Svetlana heard the boy’s cries at night, and one morning, she felt determined to escape the dark village. She packed her family’s small belongings and headed north for that forest adventure which ended in real Russian drama. Her husband, Igor, led the way with her, holding her hand tenderly, followed by their two children, Misha and Olga. Olga was soon-to-be-married to a boy of a decent family in Palatka, one who actually organized summer camps for reindeer training. Misha was thrilled but Olga was not quite so. She heard stories from recently married girls. Some were good stories; others, well, not so good. Sometimes Olga swore to her mother that her brain hurt from so much thinking. Nature was about to step in and extend a helping hand.
At first, the forest welcomed the family. The smell of borscht cooked on the wood stove by the teepee brought senses to vibrant life. The storytelling soothed everyone’s ears by the campfire. The sound of F-AM-I-L-Y rang in everyone’s ears. There were no fights and no vodka bottles present to exacerbate the fits of anger. Only Olga’s brain hurt sometimes with the thought of her soon-to-be-married life. One month into the forest life experience, nature showed its true colors. A tree fell on Olga’s head and bashed the girl’s brains in. It surely intended well, with the girl’s recent complaining of head pain.
Svetlana, Igor, and Misha returned to their small town defeated by the nomadic life. The couple started drinking heavily, day and night, and Misha watched. The more he watched, the more he clung to his hopes for summer camp, for reindeer herding, for escaping far north. A place where life could unfold naturally for him, where he could join the Evenki people and place reindeer herding at the center of life.
Igor began to take his drinking out into the town’s pubs where Russian men, intoxicated and loud, became subjects and objects of drunken brawls. In one of those late-night discords, Igor got stabbed. Cut open with a piece of glass. The man recovered slowly, slurring promises of quitting the vodka when fevers would reach their highest points. Svetlana carried for his wounds with a gentleness that only she could be capable of.
Once on his feet, the strong strapping Russian man forgot those self-made promises. The next drunken brawl cost Igor his life. His body was transported to the only morgue that the town of Palatka could boast itself with. The freezer broke in the middle of a hot and humid summer and the decomposing, putrefying body was left on a table, patiently waiting for the police to open the investigation since Igor’sdeath was ruled a murder. For 4 days, Svetlana had to keep Igor’s body from falling apart. She stitched him up as his skin began to slip off. She stitched and stitched and took small breaths, small enough to keep her on her feet. A week later, she buried him without looking at the casket once, without shedding a tear even.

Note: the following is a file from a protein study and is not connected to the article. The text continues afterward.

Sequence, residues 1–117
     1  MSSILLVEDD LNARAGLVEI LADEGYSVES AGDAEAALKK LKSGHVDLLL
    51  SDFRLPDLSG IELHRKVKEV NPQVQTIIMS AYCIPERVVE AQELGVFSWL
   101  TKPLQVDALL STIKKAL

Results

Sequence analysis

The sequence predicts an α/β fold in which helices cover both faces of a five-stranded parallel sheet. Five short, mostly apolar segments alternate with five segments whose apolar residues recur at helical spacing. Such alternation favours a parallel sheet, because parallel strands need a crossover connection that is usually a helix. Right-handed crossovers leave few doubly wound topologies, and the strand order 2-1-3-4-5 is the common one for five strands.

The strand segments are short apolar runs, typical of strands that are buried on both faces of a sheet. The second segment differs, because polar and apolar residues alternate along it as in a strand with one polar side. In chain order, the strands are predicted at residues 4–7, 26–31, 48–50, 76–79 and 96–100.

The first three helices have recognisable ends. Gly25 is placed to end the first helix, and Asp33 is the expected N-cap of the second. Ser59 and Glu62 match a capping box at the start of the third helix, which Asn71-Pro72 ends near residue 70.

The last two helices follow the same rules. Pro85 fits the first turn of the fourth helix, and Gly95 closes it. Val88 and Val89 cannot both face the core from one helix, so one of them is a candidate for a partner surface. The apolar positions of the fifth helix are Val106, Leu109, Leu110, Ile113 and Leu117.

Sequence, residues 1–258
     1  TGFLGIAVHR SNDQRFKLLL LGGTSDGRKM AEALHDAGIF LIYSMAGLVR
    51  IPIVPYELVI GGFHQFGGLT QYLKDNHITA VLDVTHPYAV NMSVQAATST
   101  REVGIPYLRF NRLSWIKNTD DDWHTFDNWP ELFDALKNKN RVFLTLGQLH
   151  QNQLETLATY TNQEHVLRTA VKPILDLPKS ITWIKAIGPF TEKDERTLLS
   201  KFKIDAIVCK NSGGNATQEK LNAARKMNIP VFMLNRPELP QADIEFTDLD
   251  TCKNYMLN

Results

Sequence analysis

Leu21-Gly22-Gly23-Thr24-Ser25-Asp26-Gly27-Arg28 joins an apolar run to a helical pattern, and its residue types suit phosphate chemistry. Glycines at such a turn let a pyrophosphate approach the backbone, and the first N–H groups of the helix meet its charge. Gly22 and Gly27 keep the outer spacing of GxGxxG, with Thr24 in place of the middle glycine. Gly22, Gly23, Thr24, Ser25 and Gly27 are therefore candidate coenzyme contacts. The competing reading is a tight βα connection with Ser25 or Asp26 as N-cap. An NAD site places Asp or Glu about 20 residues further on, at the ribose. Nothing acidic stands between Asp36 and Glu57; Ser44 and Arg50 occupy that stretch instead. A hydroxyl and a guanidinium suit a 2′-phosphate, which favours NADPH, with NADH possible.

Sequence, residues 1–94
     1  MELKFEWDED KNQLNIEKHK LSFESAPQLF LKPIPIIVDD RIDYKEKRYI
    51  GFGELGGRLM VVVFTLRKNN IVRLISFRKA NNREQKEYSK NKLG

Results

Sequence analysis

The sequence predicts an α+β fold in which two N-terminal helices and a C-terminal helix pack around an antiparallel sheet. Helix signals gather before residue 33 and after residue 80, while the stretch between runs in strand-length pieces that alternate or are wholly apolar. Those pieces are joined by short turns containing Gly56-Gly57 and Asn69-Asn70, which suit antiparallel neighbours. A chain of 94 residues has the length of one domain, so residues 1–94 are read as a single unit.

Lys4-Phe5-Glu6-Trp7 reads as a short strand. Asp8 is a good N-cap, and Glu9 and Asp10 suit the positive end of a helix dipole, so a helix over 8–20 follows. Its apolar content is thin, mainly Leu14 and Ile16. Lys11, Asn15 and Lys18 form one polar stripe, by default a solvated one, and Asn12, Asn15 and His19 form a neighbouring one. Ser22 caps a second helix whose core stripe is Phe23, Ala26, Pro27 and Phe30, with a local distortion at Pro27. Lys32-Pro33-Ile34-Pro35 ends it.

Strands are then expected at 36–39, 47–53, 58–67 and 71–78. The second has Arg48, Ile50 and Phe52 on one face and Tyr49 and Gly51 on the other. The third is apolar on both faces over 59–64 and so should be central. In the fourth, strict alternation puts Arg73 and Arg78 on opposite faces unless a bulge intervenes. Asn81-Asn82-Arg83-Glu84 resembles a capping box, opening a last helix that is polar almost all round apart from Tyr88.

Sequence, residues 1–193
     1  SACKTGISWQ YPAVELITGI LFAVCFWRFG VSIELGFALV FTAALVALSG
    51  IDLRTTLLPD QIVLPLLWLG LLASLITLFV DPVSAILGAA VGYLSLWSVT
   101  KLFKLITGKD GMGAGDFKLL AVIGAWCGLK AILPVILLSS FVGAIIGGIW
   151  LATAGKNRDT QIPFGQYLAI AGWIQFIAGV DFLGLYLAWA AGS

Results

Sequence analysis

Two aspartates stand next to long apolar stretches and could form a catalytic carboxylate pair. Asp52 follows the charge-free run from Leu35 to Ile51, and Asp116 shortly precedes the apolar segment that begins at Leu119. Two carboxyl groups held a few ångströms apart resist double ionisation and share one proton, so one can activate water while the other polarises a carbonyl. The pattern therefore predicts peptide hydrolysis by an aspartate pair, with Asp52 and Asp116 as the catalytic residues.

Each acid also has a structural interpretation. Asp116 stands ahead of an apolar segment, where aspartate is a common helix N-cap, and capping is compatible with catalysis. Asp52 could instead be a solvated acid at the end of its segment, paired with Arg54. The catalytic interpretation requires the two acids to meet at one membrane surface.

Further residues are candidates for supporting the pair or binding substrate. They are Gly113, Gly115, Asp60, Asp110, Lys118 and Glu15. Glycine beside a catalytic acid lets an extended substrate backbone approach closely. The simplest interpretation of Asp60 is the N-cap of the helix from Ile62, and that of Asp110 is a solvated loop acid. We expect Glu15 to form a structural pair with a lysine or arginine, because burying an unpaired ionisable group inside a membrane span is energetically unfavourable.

One year later, Svetlana remarried. Her heart was a stranger to love, but the man insisted. Dimitry seemed a good man, and Aunt Varvara thought the union would be best for Misha’s wellbeing. The boy found Dimitry hanged, 5 months later, behind the tool shed. So much for Misha’s wellbeing.
Aunt Varvara wiped the boy’s tears before bedtime. You’d think she would read him a bedtime story like the one with the wise owl and the dancing, glowing dragonfly, but no, she would hold a boy tight to prevent him from falling apart like Rome once did, like all those great empires once did.
On her porch, Svetlana drank cheap vodka from plastic bottles. She drank and kept silent. Before dawn, Misha would approach her with timid steps, touching her shoulder and whispering, “mama, forget the reindeer herding. I will be a famous wrestler one day and I will fight all those people who did us wrong, mama. I will, mama!”
She drank and kept silent, understanding that what did them wrong were their own choices. Her father’s choice, her own choice, Igor’s choice, that fucking tree’s choice, Dimitry’s choice. She drank, kept silent, and waited for the sunrise.
That’s when Aunt Varvara stepped in and extended her a second glass of fresh, clean water from Lake Baikal.
“It is your salvation I need, Varva” whispered Svetlana tilting her head in Aunt Varvara’s direction, accepting the glass from her wrinkled and overworked hands. With small, interrupted sips, she drank for minutes at an end. Aunt Varvara watched with pleasing eyes. She meant well. She hydrated a parched body.
That was her last glass of fresh, clean water from Lake Baikal. Svetlana abandoned her clothing and lay completely naked in the snow. From that cold but burning spot, Svetlana looked up at the sky for the first time in a very long time. She tried to count a few stars but she was too drunk to continue on a logical path. She imagined Misha riding on a reindeer, standing proud and tall, her Misha revitalizing the dead culture of her ancestors. Her body was burning, yet she felt the cold air stabbing her small body in various parts. At once, she seemed comfortable.
Svetlana died in the snow that late evening. Misha found her naked body before sunrise. He crawled out of his small bed to tell mama that he was dead sure he wanted to become a wrestling champion. He shared his dreams with Aunt Varvara and she assured him that he could make a name in the world of wrestling if he truly wanted to.
Misha stared into his dead mother’s blue and dreamy eyes. He lay by his mother’s cold, lifeless prophetic right side for a little while, got up and made a choice.